The sample preparation process may include removal of an excess of non-reacted binding reagent or biomarker from at least one of the fractions prior to detecting and quantifying the presence of the adduct.

The separation of the derivative composition or composition mixture may be carried out using a chromatography technique selected from the group consisting of liquid chromatography (LC), thin layer chromatography (TLC), gas chromatography (GC), ion exchange chromatography (IEC), capillary electrophoresis (CE), size exclusion chromatography, high performance liquid chromatography (HPLC), gel electrophoresis, and affinity chromatography.

The separating process of the derivative mixture may be stopped prior to detecting and quantifying the presence of the adduct.

The removal of the bound non-reacted binding reagent or biomarker from the derivative composition may be achieved using methods that include filtering techniques or sedimentation techniques.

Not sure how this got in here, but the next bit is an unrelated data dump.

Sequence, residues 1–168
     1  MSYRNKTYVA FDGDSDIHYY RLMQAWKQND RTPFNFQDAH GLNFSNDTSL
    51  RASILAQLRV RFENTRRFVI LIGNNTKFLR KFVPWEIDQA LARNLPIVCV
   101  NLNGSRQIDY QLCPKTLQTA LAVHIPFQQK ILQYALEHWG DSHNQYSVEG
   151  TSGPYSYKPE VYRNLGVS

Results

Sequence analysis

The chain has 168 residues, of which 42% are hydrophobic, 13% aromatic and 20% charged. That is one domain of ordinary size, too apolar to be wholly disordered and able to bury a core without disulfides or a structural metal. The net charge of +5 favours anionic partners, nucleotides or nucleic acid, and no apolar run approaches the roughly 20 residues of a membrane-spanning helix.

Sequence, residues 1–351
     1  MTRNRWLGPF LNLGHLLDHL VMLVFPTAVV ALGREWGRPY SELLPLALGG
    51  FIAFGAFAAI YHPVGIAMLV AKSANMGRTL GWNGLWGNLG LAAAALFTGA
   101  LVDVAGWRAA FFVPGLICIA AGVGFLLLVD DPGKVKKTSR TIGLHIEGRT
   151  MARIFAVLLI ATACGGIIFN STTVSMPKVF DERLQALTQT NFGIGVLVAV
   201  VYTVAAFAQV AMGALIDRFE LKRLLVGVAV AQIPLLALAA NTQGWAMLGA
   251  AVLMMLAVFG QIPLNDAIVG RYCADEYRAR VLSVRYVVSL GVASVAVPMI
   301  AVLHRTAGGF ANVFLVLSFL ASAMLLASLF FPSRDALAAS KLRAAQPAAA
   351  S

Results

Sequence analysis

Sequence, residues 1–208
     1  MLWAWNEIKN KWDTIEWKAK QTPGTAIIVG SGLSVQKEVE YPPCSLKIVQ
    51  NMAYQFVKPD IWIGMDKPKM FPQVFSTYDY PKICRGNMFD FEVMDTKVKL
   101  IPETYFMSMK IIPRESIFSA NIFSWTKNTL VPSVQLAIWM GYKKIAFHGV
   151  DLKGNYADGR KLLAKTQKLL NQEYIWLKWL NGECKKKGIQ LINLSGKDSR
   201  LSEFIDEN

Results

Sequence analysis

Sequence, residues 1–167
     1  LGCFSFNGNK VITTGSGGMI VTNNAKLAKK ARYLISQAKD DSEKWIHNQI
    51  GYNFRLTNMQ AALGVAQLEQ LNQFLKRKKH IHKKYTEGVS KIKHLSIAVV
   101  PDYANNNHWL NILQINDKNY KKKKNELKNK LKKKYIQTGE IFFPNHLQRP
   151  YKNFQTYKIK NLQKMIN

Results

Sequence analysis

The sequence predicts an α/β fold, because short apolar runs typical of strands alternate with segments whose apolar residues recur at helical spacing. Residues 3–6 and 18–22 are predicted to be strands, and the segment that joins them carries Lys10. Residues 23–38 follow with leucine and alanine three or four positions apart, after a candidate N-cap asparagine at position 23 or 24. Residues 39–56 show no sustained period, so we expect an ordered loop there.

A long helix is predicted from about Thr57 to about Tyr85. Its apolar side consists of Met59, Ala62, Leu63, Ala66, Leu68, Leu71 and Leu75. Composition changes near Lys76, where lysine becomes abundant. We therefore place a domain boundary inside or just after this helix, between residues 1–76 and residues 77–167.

In an another embodiment of this invention the catalytic bioanalytical assay can be done in a bi- or multilayer element in which 2 or more layers are coated on a rigid or flexible support. In such a bi- or multilayer element, for example, a layer incorporating the high gain, redox, chemical amplification formulation could be coated on a suitable support, under a separate layer comprising a spreading layer to allow uniform addressing of the former detection layer by an applied solution of the test analyte comprising a catalyst or a catalyst precursor. After application of the test analyte-labeled catalytic reagent solution, a catalytic reaction selected from the types described in this invention could result in direct formation of a readable image density under ambient conditions. In other embodiments the element, after application of the solution containing the test analyte-catalytic binding reagent combination, is heated or otherwise activated by a suitable energy source to initiate the catalytic detection reaction and produce the readable signal. The product of such catalytic detection reactions can be read through the top layer or through the bottom layer, depending on the properties of the specific layers employed in such a bi- or multilayer detection element. The use of a flexible support, such as a polymeric support, has the advantage of being useful in a convenient roll coating manufacturing process. Examples of dry analytical assay elements are commercially available, such as Kodak's Ektachem Clinical Chemistry slides described in H. G. Curme et al, Clinical Chemistry, 43(9) 1647-1652 (1997), H. G. Curme et al, Clinical Chemistry, 24(8), 1335-1342 (1978) and R. W. Spayd et al, Clinical Chemistry 24(8), 1343-1350 (1978).